In the embodiment of
The gas mixture from WGS catalyst 10 c is injected into the main diesel exhaust line 14, upstream of H-SCR catalyst 10 b. In embodiments not having WGS catalyst 10 c, the gas mixture from partial oxidation unit 10 a would be injected into the main exhaust line 14 at the same point. In all embodiments, H-SCR catalyst 10 b then uses the hydrogen in the gas mixture to convert NOx into nitrogen and water.
For system 20, effective partial oxidation is achieved by controlling the diesel injection rate. When no supplemental diesel fuel is being injected into the exhaust stream, such as when NOx emissions from engine 12 are low, the partial oxidation unit 10 a acts as a full oxidation catalyst, converting unburned hydrocarbons and carbon monoxide into water and carbon dioxide. With the partial oxidation unit 10 a located in a branch off the main exhaust gas stream, a portion of the exhaust flows through the partial oxidation catalyst. As a result, less diesel fuel is required to enrich the gas entering the partial oxidation catalyst. Also, the partial oxidation catalyst can be smaller. At the same time, sufficient hydrogen must be generated to obtain effective reduction of the NOx in the H-SCR catalyst 10 b. This design has the advantages that the heat required to activate the partial oxidation catalyst may be provided by the exhaust gas instead of by an external heat source, and it may be possible to use the heat generated by the partial oxidation reaction to accelerate heating of the H-SCR catalyst lob during cold-start operation.
For both system 10 and system 20, the products of partial oxidizer 10 a are metered into the diesel exhaust gas, upstream of H-SCR catalyst 10 b. The amount of gas injected should ideally be proportional to the amount of NOx in the exhaust. A 1:1 molar ratio of H2:NO is expected for efficient conversion of NO to N2 in accordance with Equation (1) below. However, NO2 exists in the diesel exhaust simultaneously with NO, either from the combustion process (approximately 15 percent) or from oxidation in a passive particulate trap such as a CRT (approximately 40 percent). A 2:1 ratio of H2:NO2 is expected for efficient conversion of NO2 to N2 in accordance with Equation (2) below.
2NO+2H2→N2+2H2O Equation (1)
2NO2+4H2→N2+4H2O Equation (2)
Results of experimentation with ruthenium-based H-SCR catalysts using Ru/MgO and Ru/Al2O3 have been reported by Hornung, et al. in a paper entitled “On the mechanism of the selective catalytic reduction of NO to N2 by H2 over Ru/MgO and Ru/Al2O3 catalysts”, in Topics in Catalysis, 2000, 11/12 (1-4), 263-70. The reports are of 100 percent selectivity to N2. Another possible candidate for H-SCR catalyst 10 b is a platinum titania-zirconia catalyst, Pt/TiO2—ZrO2.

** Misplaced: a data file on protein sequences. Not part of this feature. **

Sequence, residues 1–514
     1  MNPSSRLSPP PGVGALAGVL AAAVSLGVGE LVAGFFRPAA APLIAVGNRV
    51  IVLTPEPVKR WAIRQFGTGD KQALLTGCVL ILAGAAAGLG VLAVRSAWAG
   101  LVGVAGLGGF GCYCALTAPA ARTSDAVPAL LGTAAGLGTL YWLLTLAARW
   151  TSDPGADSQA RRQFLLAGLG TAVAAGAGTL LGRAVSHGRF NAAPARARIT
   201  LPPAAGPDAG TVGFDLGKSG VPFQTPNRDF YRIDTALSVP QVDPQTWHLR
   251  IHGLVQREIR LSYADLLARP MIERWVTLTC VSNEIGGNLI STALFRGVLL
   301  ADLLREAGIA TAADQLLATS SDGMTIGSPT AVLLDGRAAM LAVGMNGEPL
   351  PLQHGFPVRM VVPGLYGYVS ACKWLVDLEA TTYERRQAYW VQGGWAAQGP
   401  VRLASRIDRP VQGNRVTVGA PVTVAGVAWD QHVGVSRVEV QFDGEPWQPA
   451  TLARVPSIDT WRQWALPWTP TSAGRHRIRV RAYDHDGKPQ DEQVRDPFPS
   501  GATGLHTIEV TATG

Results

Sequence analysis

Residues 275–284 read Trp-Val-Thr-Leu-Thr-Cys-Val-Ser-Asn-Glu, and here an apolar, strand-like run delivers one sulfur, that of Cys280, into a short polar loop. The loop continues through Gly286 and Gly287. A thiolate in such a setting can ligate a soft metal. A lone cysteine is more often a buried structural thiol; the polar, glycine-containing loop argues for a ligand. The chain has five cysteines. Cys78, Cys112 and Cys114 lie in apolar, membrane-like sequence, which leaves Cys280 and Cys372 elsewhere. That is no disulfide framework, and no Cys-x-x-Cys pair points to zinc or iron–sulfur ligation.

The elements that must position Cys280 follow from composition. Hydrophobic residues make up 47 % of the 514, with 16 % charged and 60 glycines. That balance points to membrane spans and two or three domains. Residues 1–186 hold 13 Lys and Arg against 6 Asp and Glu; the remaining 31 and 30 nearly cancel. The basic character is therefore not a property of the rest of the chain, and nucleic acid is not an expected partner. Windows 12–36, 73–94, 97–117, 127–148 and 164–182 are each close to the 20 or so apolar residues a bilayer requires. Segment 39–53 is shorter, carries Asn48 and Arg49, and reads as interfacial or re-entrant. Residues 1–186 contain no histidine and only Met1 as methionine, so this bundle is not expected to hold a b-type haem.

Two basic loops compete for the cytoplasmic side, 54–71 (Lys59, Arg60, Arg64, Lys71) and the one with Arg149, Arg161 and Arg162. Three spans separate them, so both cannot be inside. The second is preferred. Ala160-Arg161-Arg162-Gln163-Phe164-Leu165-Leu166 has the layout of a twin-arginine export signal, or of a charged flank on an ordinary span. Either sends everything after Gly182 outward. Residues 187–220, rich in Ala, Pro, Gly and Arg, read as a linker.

Potential fuel penalties may be calculated based on the NO:NO2 ratio in the exhaust. If a range of NO2 content is considered from 15 to 100 percent, the fuel economy penalty is calculated to be in a range from two to four percent. To estimate a realistic fuel economy penalty, a worst case scenario was used with a system containing a passive PM trap, such as a CRT, which creates high levels of NO2. Based on a 60:40 NO:NO2 exhaust gas mixture, and using Equations (1) and (2), approximately 1.4 moles of H2 are required per mole of NOx. Assuming ideal conditions of 100 percent efficient partial oxidation, 100 percent selectivity to H2, and 100 percent NOx conversion efficiency of the H-SCR catalyst, it was calculated that fuel economy would be reduced by 2.5 percent.
An advantage of the invention is that the invention effectively reduces tailpipe oxides of nitrogen emissions without the need for a reductant other than diesel fuel. It continuously converts NOx to nitrogen, by first generating hydrogen from the diesel fuel and then using the hydrogen in a hydrogen-based SCR catalyst. The system does not require adjustment of the engine air/fuel ratio, of engine combustion, or of any other engine functionality.
Although the present invention has been described in detail, it should be understood that various changes, substitutions, and alterations can be made hereto without departing from the spirit and scope of the invention as defined by the appended claims.
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|International Classification||B01D53/94, B01D50/00, F01N3/20|
|Cooperative Classification||Y02T10/24, F01N2610/08, F01N3/2066, B01D2255/1025, F01N2610/04, B01D53/9409, B01D2257/404, F01N2240/30|
|European Classification||F01N3/20E, B01D53/94F2|
|Jan 18, 2007||AS||Assignment|
Owner name: SOUTHWEST RESEARCH INSTITUTE, TEXAS
Free format text: ASSIGNMENT OF ASSIGNORS INTEREST;ASSIGNORS:BARTLEY, GORDON JAMES JOHNSTON;SHARP, CHRISTOPHER ALAN;REEL/FRAME:018770/0490
Effective date: 20020410
|Sep 14, 2011||FPAY||Fee payment|
Year of fee payment: 4
|Sep 30, 2015||FPAY||Fee payment|
Year of fee payment: 8